“Baker intended to overcome this shame and humiliation by his achievements on the battlefield.”
By Frank Jastrzembski
COLONEL VALENTINE BAKER had few options after his release from prison in August 1876. Dishonourably discharged and banished from the British army following one of the most notorious sex scandals of the 19th Century, Baker journeyed 2,000 miles to the Ottoman Empire capital of Constantinople to organize and lead a military police force.
He had little choice but to accept the position. It was after all conveyed to him by one of his few enduring friends, the Prince of Wales, after Baker had been shunned by almost everybody in Great Britain, from the lowliest beggar up to Queen Victoria herself. He was determined to redeem his reputation and win reinstatement by serving British interests anywhere he could in whatever capacity.
A friend and fellow officer speaking of Baker’s scandal, prison sentence, and exile declared that, “an ordinary man would have succumbed to the blow; but he was not an ordinary man.”
Baker intended to overcome his shame and humiliation by his achievements on the battlefield. His opportunity came with the outbreak of war between the Ottomans and Russians in April 1877. The war is certainly one of the most significant, but overlooked, conflicts of the 19th Century. It shaped the political dynamics of the Balkans for years to come and introduced new technological advances in war over 20 years ahead of the major wars fought around the turn-of-the-century. The struggle between these Muslim and Christian rival empires led to the deaths of nearly 300,000 over the span of 10 months.
The exiled Englishman came into the Russo-Turkish War with a bang. The conflict had not been going well for the Ottomans before his arrival, whose cautious strategy allowed thousands of Tsar Alexander II’s soldiers to pour across the Danube River and establish a foothold in Bulgaria. In his first battle engaged as a subordinate commander, Baker threw himself in the thick of the action with a selfless disregard for his own safety, fuelled by a desire to be absolved of his shame, inspiring the Ottoman soldiers by his valor and repulsing a Russian assault to secure victory. He proved an able and resourceful officer time and time again, adopting an aggressive leadership style preaching offense rather than defense, dissimilar than most of his fellow Ottoman senior commanders.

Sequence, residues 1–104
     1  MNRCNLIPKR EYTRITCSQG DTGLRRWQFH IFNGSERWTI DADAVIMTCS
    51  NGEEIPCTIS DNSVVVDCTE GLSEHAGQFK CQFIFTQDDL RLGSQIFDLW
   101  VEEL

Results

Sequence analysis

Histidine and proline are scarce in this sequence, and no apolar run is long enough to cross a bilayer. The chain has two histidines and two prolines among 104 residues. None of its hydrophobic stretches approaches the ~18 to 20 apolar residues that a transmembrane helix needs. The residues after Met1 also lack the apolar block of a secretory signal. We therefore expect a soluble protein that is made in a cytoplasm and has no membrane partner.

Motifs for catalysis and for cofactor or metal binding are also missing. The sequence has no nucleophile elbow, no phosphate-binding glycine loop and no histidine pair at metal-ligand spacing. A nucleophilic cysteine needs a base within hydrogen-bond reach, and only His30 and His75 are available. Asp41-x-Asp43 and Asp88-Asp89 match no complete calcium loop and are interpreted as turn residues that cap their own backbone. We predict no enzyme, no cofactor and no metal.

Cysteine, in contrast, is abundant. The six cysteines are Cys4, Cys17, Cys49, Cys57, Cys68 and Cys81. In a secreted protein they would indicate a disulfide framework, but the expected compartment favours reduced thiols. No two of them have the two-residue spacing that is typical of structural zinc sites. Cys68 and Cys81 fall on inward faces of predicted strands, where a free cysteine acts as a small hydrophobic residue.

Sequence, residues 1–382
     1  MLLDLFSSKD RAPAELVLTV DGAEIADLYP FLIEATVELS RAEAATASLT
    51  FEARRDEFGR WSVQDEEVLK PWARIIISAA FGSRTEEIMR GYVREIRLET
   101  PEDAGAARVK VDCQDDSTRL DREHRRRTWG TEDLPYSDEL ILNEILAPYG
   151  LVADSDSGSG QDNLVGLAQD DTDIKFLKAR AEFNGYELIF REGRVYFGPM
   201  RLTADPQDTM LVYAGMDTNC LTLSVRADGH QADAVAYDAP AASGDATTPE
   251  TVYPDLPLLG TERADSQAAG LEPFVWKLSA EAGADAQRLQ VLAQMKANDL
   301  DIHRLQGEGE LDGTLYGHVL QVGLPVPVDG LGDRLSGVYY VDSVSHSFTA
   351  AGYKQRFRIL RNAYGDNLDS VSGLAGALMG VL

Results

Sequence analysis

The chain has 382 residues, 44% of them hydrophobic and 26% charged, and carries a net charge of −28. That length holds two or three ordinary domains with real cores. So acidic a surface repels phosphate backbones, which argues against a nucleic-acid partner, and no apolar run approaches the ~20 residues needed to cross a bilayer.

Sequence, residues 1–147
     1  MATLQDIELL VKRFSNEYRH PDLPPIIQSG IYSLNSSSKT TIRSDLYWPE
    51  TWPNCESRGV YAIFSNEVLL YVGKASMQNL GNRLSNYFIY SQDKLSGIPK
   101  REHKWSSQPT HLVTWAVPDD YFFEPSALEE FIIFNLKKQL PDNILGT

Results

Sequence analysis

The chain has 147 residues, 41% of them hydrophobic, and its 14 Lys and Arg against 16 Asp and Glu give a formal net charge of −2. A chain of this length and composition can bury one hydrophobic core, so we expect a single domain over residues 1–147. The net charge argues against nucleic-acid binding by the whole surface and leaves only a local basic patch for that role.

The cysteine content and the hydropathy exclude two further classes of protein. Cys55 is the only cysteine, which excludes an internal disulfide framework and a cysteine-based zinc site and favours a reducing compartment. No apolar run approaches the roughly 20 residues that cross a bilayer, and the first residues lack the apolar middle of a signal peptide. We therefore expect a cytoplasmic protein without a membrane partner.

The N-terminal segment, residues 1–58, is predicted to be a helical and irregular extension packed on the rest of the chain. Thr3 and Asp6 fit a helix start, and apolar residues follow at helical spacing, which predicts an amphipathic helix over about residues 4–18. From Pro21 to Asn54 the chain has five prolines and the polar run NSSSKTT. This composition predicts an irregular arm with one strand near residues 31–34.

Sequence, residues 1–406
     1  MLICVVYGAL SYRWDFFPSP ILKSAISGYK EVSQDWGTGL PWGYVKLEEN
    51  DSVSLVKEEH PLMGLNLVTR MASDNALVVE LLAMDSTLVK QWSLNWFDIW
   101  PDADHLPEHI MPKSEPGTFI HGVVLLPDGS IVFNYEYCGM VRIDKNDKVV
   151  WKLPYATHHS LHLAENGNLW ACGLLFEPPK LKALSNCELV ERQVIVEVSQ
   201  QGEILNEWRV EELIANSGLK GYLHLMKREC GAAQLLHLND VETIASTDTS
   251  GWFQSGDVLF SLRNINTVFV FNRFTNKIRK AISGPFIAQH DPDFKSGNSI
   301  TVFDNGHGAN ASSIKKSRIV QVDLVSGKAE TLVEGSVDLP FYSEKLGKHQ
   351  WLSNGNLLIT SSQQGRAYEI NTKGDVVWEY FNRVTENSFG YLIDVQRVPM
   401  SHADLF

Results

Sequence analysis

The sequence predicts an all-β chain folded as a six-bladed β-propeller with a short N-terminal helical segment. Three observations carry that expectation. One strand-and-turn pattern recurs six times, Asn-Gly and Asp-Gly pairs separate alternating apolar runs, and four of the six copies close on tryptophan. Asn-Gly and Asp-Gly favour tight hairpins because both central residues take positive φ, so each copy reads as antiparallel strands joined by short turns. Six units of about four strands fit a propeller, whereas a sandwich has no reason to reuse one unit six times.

Regular Ottoman soldiers under his command whispered among themselves that the “Inglese” and Christian outcast, whatever his misdoings, stood out. He broke the cultural barrier that existed with these religiously and ethnically dissimilar soldiers and won their affection, in large part due to looking after their general welfare and procuring the best medicine, equipment, and rations. During the brutal winter of 1877, he shared in their hardships and dangers, frequently strolling up and down the Kamarli entrenchments puffing away at his cigarettes, indifferent to the Russian shells exploding nearby.
Baker’s greatest victory came at Battle of Tashkessen in December 1877. In what would be his first independent command, his troops repulsed countless attempts by 25,000 Russian soldiers to drive his skeleton contingent of 3,000 men from the head of Tashkessen Pass. His men fought on for 10 hours until darkness, suffering a staggering 800 casualties. Their sacrifice allowed 12,000 soldiers of a sister Ottoman army to escape from being cut off and annihilated by this large Russian detachment. Baker continued to fight on with the Ottomans after this rearguard action, retreating with the last resistance to the Aegean Sea until the war terminated.
When news of his exploits reached Great Britain, Baker become a sort of Lawrence of Arabia-style folk hero. But his saga did not end there. Some still resisted his reinstatement into the British army. One of them was Queen Victoria herself. Despite his controversial status, Baker continued to serve British interests in unofficial capacities for a decade or so in the Sudan and Egypt in an effort to obtain his sought after pardon. He eventually received this reinstatement and redemption, but this outstanding news arrived days after his tragic death in 1887.
Frank Jastrzembski is the author of the upcoming book Valentine Baker’s Heroic Stand At Tashkessen 1877. He resides in Cleveland, Ohio with his wife Asha, and loves to travel. He is a proud alumni of both John Carroll University and Cleveland State University. His passion is discovering and writing about forgotten events and individuals of the nineteenth century. A member of the Victorian Military Society, he was awarded the Browne Award for 2015. Visit www.frankjastrzembski.com to view a complete list of his publications.